For some, Sunday's International Whistleblower Day is a cause for celebration. It is the time to hail "the regular citizens, regular workers, regular people who take matters into their own hands to expose secretive acts of crime and corruption."
For others, however, whistleblowers are nothing short of traitors, and most certainly not the "true guardians of truth and justice in our society." This is especially true within the Israeli army, the IDF. So, what will it be then, treason or a democratic civil right?
To answer this question, it is necessary to appreciate that a troubled 3,000-year old history of fighting for survival informs the severity with which whistleblowers and dissenters are dealt with In Israel and the IDF. This ethos of existential angst is further amplified by the clear and present danger Israel has faced since its inception in 1948.
Not counting anti-terrorist actions, Israelis have fought seven wars since their independence: the 1948-1949 War of Liberation, the 1956 Suez War, the 1967 Six Day War, the 1968-1970 War of Attrition, the 1973 Yom Kippur War, the 1978-2000 Lebanon War, and the 2006 Second Lebanon War. After each of them they have concluded, in the words of the novelist Moshe Shamir, that "Between us and death stands the IDF."
The centrality of the military in Israel’s collective memory led Dan Horowitz to characterize Israel a "nation-at-arms," where security considerations trump most aspects of Israel’s social fabric.
Against this backdrop, it is little wonder then, that the whistleblower is in a particularly precarious existential and ethical predicament. The whistleblower is perceived as breaching a sacred social contract which demands absolute loyalty to a justifiable security and military cause. Instead of being perceived as well-meaning reformers of ills, the intentions of whistleblowers are seen as no less than treacherous.
And unlike whistleblowers and dissenters in the Unites States, for example, those that dare blow the whistle in Israel do not achieve celebrity status. Quite the contrary: they are exiled and relegated to the margins of societal relevance.
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In their defense, whistleblowers do not act with the intent to hurt their organization but rather to realign it with values and procedures the whistleblower sees as integral to its original intent and/or to ensure that its actions do not cause harm to the wider society and its citizens.
In 2008, this was the argument that Anat Kam, perhaps the best known whistleblower in recent Israeli history, made to justify her decision to transfer top secret documents she had copied to a disk while serving as a clerk in the IDF’s Chief of Central Command’s headquarters to Haaretz journalist, Uri Blau.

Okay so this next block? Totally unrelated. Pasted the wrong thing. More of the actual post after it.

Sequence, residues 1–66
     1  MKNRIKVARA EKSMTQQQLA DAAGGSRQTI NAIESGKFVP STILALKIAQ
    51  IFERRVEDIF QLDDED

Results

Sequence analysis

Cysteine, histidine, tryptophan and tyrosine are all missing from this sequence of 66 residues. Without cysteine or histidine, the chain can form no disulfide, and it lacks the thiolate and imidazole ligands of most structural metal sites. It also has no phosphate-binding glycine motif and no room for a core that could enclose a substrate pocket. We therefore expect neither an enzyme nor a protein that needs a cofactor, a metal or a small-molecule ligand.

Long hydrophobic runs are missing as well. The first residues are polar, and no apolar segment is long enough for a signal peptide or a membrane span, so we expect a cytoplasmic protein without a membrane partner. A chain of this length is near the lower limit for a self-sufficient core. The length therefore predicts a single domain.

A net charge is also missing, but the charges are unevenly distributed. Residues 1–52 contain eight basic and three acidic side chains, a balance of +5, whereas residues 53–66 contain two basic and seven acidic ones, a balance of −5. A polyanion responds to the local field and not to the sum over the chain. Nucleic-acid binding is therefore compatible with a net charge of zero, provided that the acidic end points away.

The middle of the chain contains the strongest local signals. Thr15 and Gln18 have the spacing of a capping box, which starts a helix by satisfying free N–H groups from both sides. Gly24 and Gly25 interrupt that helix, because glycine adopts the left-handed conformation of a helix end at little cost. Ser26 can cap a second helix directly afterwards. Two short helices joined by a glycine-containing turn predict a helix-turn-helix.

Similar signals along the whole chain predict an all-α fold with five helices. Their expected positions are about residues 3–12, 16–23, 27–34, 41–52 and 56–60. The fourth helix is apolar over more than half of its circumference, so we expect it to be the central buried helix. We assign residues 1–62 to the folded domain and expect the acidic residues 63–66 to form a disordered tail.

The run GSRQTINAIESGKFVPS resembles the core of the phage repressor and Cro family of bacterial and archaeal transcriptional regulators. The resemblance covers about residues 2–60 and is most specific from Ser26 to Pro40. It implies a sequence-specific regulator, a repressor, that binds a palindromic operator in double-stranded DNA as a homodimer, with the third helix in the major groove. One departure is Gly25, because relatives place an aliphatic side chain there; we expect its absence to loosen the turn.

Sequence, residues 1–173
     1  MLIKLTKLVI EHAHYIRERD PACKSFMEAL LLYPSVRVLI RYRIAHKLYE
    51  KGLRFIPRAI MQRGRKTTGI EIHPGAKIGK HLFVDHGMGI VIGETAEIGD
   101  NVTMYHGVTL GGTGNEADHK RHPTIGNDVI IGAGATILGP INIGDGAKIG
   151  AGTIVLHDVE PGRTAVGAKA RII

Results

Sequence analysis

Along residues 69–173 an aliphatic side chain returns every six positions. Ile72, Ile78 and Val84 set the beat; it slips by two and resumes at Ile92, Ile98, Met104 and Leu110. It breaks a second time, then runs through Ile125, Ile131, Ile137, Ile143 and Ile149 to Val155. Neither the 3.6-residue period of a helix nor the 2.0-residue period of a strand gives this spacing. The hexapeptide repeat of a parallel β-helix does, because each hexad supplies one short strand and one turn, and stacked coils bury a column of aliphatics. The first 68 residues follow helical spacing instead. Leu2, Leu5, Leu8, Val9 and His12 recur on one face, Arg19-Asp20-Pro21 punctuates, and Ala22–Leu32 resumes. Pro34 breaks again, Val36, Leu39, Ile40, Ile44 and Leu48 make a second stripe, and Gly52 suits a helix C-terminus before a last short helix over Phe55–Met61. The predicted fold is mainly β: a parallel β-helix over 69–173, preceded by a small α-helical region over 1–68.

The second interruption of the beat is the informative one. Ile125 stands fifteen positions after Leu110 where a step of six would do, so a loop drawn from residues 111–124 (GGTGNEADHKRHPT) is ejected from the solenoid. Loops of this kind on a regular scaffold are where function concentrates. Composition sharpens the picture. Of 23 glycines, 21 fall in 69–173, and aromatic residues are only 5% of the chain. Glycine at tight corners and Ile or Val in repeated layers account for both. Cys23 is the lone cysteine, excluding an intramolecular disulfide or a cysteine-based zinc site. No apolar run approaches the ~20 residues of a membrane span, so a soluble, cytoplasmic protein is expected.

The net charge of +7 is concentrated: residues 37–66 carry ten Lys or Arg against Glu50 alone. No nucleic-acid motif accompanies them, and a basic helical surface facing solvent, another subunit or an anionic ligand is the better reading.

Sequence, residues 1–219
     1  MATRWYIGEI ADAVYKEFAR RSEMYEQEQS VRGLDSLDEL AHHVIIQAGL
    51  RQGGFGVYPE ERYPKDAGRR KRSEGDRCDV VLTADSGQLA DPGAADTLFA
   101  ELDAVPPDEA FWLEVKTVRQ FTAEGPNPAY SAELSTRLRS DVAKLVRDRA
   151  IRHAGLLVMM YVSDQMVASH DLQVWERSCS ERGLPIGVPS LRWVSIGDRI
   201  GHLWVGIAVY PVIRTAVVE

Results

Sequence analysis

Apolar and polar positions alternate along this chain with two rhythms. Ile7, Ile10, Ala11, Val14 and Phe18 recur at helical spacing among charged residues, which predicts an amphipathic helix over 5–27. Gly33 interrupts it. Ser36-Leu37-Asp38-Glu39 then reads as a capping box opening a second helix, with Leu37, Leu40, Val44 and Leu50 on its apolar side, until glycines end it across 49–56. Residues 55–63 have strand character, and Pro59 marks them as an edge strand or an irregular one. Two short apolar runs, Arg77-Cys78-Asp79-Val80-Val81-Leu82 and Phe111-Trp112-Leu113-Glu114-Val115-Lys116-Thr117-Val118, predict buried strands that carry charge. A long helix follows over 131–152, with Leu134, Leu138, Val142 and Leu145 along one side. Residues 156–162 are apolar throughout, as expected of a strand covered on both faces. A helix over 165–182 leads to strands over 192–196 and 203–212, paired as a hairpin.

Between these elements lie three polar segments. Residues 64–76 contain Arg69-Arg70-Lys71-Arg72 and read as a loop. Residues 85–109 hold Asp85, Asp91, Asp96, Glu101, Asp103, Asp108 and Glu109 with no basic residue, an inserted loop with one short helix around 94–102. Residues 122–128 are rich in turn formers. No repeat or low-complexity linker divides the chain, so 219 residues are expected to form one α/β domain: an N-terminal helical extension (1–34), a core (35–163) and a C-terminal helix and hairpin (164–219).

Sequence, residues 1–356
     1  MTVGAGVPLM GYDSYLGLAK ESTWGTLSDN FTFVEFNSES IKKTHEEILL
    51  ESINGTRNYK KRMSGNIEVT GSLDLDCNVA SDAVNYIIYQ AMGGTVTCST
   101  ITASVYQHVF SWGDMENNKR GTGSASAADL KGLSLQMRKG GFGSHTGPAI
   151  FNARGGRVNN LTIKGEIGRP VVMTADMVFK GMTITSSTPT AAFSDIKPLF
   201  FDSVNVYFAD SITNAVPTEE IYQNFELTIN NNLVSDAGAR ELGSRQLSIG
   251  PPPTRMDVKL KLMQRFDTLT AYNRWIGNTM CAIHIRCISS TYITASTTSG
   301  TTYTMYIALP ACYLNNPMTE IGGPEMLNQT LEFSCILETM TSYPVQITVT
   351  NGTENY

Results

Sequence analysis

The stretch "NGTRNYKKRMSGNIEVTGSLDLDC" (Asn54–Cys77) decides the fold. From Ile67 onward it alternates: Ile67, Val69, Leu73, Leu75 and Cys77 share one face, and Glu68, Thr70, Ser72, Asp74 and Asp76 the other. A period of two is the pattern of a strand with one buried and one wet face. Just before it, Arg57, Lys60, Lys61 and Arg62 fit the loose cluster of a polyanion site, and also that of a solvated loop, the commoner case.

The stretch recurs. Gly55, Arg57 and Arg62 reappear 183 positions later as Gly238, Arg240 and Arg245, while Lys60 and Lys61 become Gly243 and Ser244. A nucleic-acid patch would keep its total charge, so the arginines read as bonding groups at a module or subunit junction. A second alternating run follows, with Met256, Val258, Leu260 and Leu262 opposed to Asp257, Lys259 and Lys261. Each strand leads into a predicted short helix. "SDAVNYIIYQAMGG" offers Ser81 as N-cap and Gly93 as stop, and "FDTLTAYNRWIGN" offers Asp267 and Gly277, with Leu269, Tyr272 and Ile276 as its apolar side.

"I didn't have the chance to change some of the things that I found it important to change during my military service," she said. "If and when the war crime the IDF was and is committing in the West Bank would be investigated, then I would have evidence to present…I thought that by exposing these [materials] I would make a change," adding that it was for those reasons that "it was important for me to bring the IDF's policy to public knowledge."
A Tel Aviv court disagreed, and sentenced Anat Kam to four and a half years in jail for stealing IDF documents, and leaking them to Haaretz. The stiff sentence, harsher than expected by many mainstream journalists, was far less than the maximum 15-year prison term she could have received for collecting, holding and passing on classified information.
Understandably, the military and many Israelis feel threatened by whistleblowing acts. After all, Israel’s survival rests upon the IDF’s mission success, which is based on a brotherhood of arms, and on cohesion and loyalty to command and country. It is these values which among others have bolstered Israel’s military and strategic advantage in a very tough neighborhood.
However, Israel should beware of slipping into the dystopia that Dwight Eisenhower warned against, a state in which the military-industrial complex dominates all. Eisenhower believed that a deep, even paranoid fear of the military might and superiority of the Soviet Union would turn the United States into a "garrison state" with an economy dominated by military spending and civil liberties eroded.
In Israel, these civil liberties cannot be taken for granted.
The government took Breaking the Silence, a prominent anti-occupation NGO, to court in an effort to force the NGO to reveal the names of former Israeli soldiers who testified about potential war crimes they witnessed while serving on duty in the Palestinian territories.
Eventually on March 1, 2017, the State Attorney informed the Petah Tikva magistrate's court that it retracted its demand for a warrant. This is important, since without Breaking the Silence, the Israeli public and much of the world will only hear the IDF’s own version of events.
It is clear, and hopefully obvious to all, that Israel retains the right to protect itself militarily. It is equally clear that as a "nation-in-arms" it has a heavy responsibility to uphold civil liberties.
Yes, it is a delicate and at times Herculean balancing act. But it is a vital one, for the line between democracy and a modern-day Sparta is a thin one indeed.
Daniel Beaudoin is a consultant on humanitarian diplomacy and civil-military affairs, as well as a lecturer on humanitarian diplomacy and the politicization of aid operations at Tel Aviv University